Snake Charmers in Jaipur


Met these snake charmers in Jaipur, India – not an ordinary event for me, but I sat down with them and picked up a snake. Later I learned that the snake charmers remove the fangs of the cobras that they capture, so the snakes die from internal poisoning after a few weeks. The photos are scans from film shot with a pocket camera and the quality is debatable…
For more unusual stuff, check out Paula’s B&W Sunday: https://bopaula.wordpress.com/2015/04/19/black-white-sunday-unusual/
Or for more photos of this & that, Lucile has a “Photo101 Rehab” project: http://luciledegodoy.com/2015/01/14/the-clinic-photo101-rehab-is-open-again/

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34 thoughts on “Snake Charmers in Jaipur

  1. Pingback: Black & White Sunday: Unusual | Lost in Translation

  2. This is most interesting. I had no idea that the snake charmers remove the fangs of the cobras that they capture, so the snakes die from internal poisoning after a few weeks. Very uncharming and highly debatable, don’t you think? 😉

  3. You are a brave man Cardinal! I wouldn’t have the courage even if I knew they were defanged! 🙂
    I am not so sure snakes get poisoned with their own venom when they are defanged. Some people even de-venomise them. The harm to the snakes is – I gather- from the fact that they cannot digest their food properly without the venom. Ought to be banned regardless.

    • Yes, you might be right. I haven’t read up on the subject, but just wrote it from memory and I have no idea where I picked up the information, but your explanation sounds plausible.
      And yes: ought to be banned regardless.

  4. I had to scan down VERY quickly from the photos….I have a “thing” about snakes. Fangs, or no fangs, you were a brave soul to pick one of those critters up.

  5. Pictures -excellent !! Forget the quality blah, blah. And good you see you. 🙂
    Snake charmers was an occupation when snakes were more than the human population, so it developed as a sport to capture and de-fang the snake.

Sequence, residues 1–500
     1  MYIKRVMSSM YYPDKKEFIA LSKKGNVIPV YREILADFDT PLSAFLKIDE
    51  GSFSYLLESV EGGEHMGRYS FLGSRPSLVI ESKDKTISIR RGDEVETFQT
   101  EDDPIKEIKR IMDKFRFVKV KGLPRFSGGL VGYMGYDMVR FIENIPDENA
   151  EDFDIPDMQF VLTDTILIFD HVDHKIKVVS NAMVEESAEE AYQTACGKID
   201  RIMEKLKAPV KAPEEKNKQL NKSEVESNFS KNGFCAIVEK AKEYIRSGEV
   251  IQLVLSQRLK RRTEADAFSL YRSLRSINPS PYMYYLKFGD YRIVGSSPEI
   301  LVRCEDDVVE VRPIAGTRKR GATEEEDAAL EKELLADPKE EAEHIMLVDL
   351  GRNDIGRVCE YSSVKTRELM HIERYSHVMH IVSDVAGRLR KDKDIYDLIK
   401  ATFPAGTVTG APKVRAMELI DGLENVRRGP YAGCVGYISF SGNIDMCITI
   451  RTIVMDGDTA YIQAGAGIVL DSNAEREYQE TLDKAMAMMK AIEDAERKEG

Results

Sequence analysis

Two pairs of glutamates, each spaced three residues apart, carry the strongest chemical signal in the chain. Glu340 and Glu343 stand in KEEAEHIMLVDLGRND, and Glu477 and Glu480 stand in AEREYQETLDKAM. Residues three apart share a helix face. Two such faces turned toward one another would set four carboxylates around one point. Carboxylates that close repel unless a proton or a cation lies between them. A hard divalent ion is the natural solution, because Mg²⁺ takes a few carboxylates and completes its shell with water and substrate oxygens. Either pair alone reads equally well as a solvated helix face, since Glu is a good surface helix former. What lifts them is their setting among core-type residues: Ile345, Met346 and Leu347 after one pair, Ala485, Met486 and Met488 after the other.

Animal Protection Act of 1972, banned hunting, capturing and killing of several wild species, including the King Cobra. Today it is a highly protected species.
    The snake charming is no longer a legal profession. Having said that, they still exist in some parts of India to make a quick buck. Laws needs to be strictly implemented.

    • It’s nice to have a contact in India that can provide information on this subject. Thanks for the info Andy!
      My experience is that no laws are strictly implemented in India – unfortunately there’s just too much corruption.
      I stopped to ask a policeman for directions once in India and instead of giving me directions, I had to pay him a “ticket” for some “technical error” with my bike (it was nothing wrong with the bike, but he made up something).
      Two times after that police waved me in to stop me, but I didn’t bother to stop for them and just waved at them instead (a trick I learned by observing an old Indian aunty on a scooter).

      • True ! I can very well understand that my countrymen left a poor image in your mind. Still do visit again. Will show you the India i am proud of 🙂

  6. Okay to start: this is animal cruelty, period.

    But the photo, is nice! You said the quality is debatable: well, I like it! It adds to the charms of film, and somehow sends a nice vibe!

    Cool photo!

    Kind regards,
    Tieme

    • Thanks Tieme.
      I’ve bought some film for my old Nikon camera and I might shoot some film portraits later on. The only problem is that I don’t have a scanner…

      • That is wonderful! I have yet to develop a film.. You don’t have a scanner at all, or no negative film scanner?

        Why not use your DSLR as a scanner 😉

        Cheers!
        Tieme

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